“My Jews! These are my Jews!”

These were the closing remarks uttered by the heroic righteous gentile in Agnieszka Holland’s In Darkness (2012). Like other efforts to capture the essence of the unfathomability of the Shoah, Holland employs beautiful cinematography, a subtle impactful score, compelling acting… Basically, all the elements of a good film. What is most interesting, however, is how this film, in particular, parallels the most common and socially acceptable portrayal of Jews in Holocaust cinema.

In Darkness tells the true story of a small group of Jews in Poland forced to live in a sewage system for 14 months in order to save themselves from decimation. From a subterranean (sub-human) existence, they ultimately manage to emerge to a “normal” one, just like regular people. Though, not without complete dependence upon the goodwill of the Gentile. Thus “victory” for the Jew, as portrayed here, is simply being on level ground (“equal”) with the rest of society. Furthermore, because of the conditioning Jews have suffered while in the Diaspora and the resultant self-perception, this is sufficient for most! Dare we strive toward exceptionalism? Might we celebrate our uniqueness? Perhaps, according to this perverted logic, it is precisely that which catalyzed the ostracization of Jews in the first place.

Rare are filmic examples such as Defiance, which breathed life back into the Jew as depicted during World War II, only to quickly be overshadowed by the next more “conventional” Holocaust movie. Yet, predictably, many young Jews identified more with Defiance than most other films of that ilk, and naturally so. Would they prefer their heroes to be Jews who fought the Nazis or Jews who survived the Nazis? Simply mention Quentin Tarantino’s Inglorious Basterds and watch a smirk of fantastical vengeance curl from their lips. Might that tell us something about how young Jews see (or want to see) themselves? I confidently surmise that they, too, are tired of seeing their ancestors portrayed as hapless victims, tugging on society’s coattails for meager rations of civility.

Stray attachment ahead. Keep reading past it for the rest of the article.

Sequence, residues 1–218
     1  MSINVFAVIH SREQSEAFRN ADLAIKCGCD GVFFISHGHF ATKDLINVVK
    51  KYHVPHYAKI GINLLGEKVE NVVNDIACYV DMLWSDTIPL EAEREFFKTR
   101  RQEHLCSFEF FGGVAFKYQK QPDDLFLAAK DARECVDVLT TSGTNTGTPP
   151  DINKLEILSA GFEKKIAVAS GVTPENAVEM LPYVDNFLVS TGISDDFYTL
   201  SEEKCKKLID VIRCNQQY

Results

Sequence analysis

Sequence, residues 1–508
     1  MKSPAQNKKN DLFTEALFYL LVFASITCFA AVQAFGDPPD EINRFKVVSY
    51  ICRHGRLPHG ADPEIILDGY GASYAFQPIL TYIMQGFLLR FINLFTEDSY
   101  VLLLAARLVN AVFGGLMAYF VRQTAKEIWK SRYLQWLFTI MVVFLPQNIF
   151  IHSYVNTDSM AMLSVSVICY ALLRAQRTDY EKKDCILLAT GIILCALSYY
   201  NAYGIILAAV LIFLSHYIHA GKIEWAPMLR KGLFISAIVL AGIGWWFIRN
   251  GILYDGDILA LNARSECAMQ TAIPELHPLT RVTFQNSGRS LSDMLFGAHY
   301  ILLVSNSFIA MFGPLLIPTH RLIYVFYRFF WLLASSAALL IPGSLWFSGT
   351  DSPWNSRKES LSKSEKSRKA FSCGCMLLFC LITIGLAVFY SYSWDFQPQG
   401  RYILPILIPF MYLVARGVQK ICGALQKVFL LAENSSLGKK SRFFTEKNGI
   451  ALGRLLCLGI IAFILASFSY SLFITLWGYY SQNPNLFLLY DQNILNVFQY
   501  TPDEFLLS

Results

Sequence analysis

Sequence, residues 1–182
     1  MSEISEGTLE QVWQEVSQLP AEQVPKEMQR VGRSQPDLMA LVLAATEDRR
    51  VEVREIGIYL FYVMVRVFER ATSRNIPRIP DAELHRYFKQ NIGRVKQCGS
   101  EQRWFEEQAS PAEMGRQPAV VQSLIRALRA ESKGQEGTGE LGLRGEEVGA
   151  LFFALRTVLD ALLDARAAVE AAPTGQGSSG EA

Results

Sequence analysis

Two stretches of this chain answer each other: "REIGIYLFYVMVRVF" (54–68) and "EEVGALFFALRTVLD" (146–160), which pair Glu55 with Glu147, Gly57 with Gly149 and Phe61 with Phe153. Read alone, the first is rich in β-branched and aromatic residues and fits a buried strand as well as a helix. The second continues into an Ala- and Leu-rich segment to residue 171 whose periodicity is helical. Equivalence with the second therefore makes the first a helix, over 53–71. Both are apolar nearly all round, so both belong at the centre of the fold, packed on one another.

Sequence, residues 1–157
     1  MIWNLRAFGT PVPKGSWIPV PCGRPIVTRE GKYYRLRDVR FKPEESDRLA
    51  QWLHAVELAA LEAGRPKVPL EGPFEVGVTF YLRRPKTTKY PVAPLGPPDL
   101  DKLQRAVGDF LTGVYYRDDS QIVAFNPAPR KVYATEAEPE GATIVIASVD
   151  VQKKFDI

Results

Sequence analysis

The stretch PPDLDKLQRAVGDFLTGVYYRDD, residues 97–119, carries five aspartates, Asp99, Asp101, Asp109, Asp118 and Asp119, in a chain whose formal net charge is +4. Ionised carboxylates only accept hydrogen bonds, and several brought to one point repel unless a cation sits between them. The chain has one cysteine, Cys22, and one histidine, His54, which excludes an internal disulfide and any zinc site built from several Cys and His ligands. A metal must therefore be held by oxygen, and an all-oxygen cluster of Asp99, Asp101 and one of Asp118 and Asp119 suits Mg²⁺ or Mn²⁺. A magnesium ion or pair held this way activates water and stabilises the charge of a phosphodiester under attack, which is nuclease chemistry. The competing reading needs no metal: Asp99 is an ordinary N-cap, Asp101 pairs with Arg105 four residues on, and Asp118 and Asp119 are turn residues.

Beyond the complicity in perpetuating this stereotype, the bombardment of films about the Holocaust actually trivializes it. Similar to violence on TV, people have become desensitized to images and tales that should, by all accounts, shock and horrify. Instead, they are used to simply paint a graphic backdrop to a good storyline. Younger generations grow up with a scope of the Holocaust limited to the artistic tastes of movie directors. It is thus ironic that attempts to keep the Holocaust in the public’s consciousness through the medium of film, albeit often well intentioned, actually do the Jewish people a disservice. For those outside the community, I politely encourage you to find another subject to use to achieve your Oscar ambitions.

But how Hollywood does love a good Holocaust tale: Schindler’s List, The Pianist, The Counterfeiters, The Reader, Life Is Beautiful, Sophie’s Choice, Au Revoir Les Enfants, and of course, In Darkness. All recognized by the prestigious Academy Awards, and all fortify the character of the Jews as a weak, downtrodden people, dependent on the charity of the Gentile. Perhaps that is why Israel, antithetical to this notion, is simply an anomaly to much of the world (and much of the Diaspora). Moreover, its sheer existence challenges a status quo that has existed for millennia and disseminated through cinema for more than 50 years.

Ultimately, if the Jewish people are to cast off the cloak of victimhood and reclaim its lineage as a strong nation with an enduring legacy of survival, it must stop presenting itself as the converse. If we are unable to catalyze this paradigm shift of perception, how can we expect the world to view (and treat) us any differently?

“I thought all Jews were cowards.” According to the hero in In Darkness and the message conveyed from a litany of similar films, they are. To many people, they should be. I am of the ilk, however, as are millions of other like-minded individuals (mostly in Israel), that is a serious misperception, which history will prove otherwise. It is now about time that present-day cinema portrayed a past that was more in line with this future.